Mr. Lentz continued: “As part of the quality improvement program announced by Toyota President Akio Toyoda last week, our company is undertaking a top to bottom review to ensure that our vehicles meet our own high standards of safety and reliability, now and for the future. We are taking steps to implement more stringent quality control across the company, to investigate customer complaints more aggressively and to respond more quickly to any safety issues we identify.”

The recall will allow Toyota dealers to perform the software update on 2010 Prius vehicles sold prior to this running production change. Only Prius vehicles produced since May 2009 and all HS 250h vehicles are subject to this recall. First- and second-generation Prius vehicles use a different ABS system and are not involved in this campaign.

The ABS system on the Lexus HS 250h is similar in design to the Prius. The software adjustment planned for HS 250h production and dealer modification is being finalized and will be announced very soon.

Toyota will begin mailing letters to Prius owners included in this recall next week and HS 250h owners within the next few weeks, to let them know when to bring their vehicles into a dealership. Owners will only receive a letter if their vehicle is involved in the recall.

Separately, Toyota will conduct a voluntary safety recall on approximately 7,300 early production – 2010 model year Camry vehicles equipped with the 4 cylinder engine to inspect for a power steering hose that may be in contact with a front brake tube. This contact could lead to a hole in the brake tube and cause a brake fluid leak, increased brake pedal stroke and greater vehicle stopping distance.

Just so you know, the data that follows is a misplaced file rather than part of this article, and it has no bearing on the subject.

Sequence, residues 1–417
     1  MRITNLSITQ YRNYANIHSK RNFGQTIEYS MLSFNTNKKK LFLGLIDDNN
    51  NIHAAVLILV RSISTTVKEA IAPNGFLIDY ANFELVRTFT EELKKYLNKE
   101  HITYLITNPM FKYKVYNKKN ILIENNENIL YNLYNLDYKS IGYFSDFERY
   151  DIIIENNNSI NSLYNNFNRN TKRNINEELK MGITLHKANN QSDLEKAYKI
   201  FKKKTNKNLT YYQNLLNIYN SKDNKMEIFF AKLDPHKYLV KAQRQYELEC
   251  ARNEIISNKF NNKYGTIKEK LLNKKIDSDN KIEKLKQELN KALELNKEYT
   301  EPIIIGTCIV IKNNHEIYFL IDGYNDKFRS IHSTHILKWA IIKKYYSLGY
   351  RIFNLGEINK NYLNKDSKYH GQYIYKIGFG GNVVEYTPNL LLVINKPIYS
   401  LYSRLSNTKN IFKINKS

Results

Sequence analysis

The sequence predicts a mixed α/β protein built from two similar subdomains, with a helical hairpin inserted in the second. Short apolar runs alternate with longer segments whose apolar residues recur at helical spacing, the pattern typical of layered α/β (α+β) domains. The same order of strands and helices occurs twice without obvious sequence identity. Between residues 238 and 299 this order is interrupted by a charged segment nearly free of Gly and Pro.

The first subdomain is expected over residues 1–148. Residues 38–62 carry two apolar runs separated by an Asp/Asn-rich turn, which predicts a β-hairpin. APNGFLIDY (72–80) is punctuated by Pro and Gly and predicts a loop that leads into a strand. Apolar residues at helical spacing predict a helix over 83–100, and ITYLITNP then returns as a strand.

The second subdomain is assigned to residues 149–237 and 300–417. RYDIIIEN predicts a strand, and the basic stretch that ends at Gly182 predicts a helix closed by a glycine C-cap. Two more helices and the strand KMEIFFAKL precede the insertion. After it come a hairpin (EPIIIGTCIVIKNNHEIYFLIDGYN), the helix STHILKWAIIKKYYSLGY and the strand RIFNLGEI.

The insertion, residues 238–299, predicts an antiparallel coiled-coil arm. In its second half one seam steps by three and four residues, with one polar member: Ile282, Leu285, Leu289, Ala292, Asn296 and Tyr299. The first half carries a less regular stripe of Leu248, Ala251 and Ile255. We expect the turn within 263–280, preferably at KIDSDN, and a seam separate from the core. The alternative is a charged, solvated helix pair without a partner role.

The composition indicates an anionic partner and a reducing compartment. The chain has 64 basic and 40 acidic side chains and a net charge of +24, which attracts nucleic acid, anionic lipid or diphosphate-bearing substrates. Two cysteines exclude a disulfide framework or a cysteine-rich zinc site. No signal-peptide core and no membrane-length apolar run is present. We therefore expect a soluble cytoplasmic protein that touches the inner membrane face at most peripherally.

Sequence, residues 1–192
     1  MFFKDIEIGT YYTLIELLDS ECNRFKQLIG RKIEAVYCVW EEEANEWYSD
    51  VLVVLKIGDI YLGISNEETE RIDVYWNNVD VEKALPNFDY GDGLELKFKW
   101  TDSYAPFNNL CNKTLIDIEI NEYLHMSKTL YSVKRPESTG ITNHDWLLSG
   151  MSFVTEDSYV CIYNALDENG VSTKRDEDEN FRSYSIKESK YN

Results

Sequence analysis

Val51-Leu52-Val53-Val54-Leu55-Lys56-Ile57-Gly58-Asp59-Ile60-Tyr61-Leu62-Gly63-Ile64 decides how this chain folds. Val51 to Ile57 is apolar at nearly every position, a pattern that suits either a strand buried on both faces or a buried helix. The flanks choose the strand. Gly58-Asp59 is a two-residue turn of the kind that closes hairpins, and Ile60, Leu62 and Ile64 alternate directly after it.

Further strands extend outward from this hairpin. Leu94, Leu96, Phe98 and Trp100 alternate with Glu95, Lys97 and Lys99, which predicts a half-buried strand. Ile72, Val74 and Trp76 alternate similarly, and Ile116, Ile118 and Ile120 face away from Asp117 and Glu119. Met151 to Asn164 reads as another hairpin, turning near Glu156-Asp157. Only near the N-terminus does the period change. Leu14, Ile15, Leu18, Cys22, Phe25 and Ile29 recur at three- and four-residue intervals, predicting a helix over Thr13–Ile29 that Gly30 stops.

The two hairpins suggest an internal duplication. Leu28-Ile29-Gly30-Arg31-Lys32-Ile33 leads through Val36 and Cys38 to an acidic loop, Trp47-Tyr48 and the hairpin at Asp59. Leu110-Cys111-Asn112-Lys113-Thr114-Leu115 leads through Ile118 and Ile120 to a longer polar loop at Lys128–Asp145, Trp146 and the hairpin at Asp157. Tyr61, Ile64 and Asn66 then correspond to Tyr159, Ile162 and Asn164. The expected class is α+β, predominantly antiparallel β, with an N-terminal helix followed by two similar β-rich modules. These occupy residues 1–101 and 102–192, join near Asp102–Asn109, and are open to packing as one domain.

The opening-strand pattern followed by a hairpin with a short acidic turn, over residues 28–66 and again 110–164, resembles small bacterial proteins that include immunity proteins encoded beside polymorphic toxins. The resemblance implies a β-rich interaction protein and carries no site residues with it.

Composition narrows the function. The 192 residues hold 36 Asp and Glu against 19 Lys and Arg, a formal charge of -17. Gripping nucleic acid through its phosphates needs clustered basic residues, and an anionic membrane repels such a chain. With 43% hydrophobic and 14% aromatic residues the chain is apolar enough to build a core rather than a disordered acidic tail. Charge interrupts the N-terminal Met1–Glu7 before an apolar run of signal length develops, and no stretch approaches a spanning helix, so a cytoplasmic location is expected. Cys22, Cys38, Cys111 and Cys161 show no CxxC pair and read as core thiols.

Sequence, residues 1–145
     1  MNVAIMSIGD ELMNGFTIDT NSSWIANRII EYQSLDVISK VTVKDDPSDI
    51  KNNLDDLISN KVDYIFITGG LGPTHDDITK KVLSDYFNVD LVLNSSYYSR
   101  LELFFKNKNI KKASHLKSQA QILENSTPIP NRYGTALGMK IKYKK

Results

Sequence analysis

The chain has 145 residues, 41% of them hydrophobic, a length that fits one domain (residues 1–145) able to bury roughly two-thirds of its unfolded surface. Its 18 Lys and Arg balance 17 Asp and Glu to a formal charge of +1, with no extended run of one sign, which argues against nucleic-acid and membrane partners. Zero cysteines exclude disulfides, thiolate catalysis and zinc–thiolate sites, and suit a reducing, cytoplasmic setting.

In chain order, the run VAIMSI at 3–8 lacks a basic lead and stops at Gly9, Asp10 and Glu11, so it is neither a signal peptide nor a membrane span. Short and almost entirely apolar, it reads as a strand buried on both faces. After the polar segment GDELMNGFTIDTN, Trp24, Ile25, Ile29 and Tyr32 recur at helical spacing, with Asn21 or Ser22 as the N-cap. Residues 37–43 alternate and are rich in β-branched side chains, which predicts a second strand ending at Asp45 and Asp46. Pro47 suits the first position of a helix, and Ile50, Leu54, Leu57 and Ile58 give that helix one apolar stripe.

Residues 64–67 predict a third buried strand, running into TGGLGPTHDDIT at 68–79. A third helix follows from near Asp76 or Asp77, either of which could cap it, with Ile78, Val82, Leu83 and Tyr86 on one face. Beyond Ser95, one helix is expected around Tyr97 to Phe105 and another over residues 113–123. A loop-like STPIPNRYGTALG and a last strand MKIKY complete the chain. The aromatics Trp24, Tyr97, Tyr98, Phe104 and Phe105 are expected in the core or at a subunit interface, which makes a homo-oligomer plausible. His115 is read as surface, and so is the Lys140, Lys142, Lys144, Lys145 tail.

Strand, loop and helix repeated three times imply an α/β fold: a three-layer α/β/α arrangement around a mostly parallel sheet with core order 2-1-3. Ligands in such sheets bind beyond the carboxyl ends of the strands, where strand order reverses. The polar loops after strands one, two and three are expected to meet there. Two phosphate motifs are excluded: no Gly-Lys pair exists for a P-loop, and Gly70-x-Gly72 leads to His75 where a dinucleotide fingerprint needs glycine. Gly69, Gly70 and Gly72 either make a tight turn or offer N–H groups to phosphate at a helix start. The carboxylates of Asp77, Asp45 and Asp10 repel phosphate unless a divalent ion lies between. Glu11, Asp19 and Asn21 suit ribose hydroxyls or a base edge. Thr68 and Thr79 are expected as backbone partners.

Owners of the involved 2010 Camry vehicles will be notified by mail starting in the middle of February.

Detailed information about these recalls is available to customers at www.toyota.com/recall and at the Toyota Customer Experience Center at 1-800-331-4331.

Comments


Comments


  1. To be honest, loss of brakes for a second can happen to any car, regardless if its a hybrid or not. My friend’s TC, experience a loss of brakes over very rough road surface to slick road surface as described in the what should be called a TSB. But if you keep you foot firmly on the brakes, you’ll be able to stop.

    I understand that this TSB applies to the mass, that should of learn or learn it in defensive driving or in driving school. No offensive here.

  2. @emptystreets130: How many people actually sit in the appropriate position for frontal crashes, airbag deployment, and full engagement of the brake pedal and parking brake (and ability to engage Neutral)? ...also, for those who sit really close to the steering wheel (it’s apparent who they are), do you think that most of them would bang their knees against the dash or steering column before engaging the brakes during an emergency?

    I think the people who have the most avoidable problems with their cars are the ones who really need to go back to driving school for a thorough review instead of hiring a lawyer to demand a full refund for their vehicles - the refund to pay the lawyers…

  3. @WorldofLuxury: Driving position is a real important point that people need to be aware of, especially with regards to airbag deployment.  Too many people are injured by the airbag because they were seated improperly.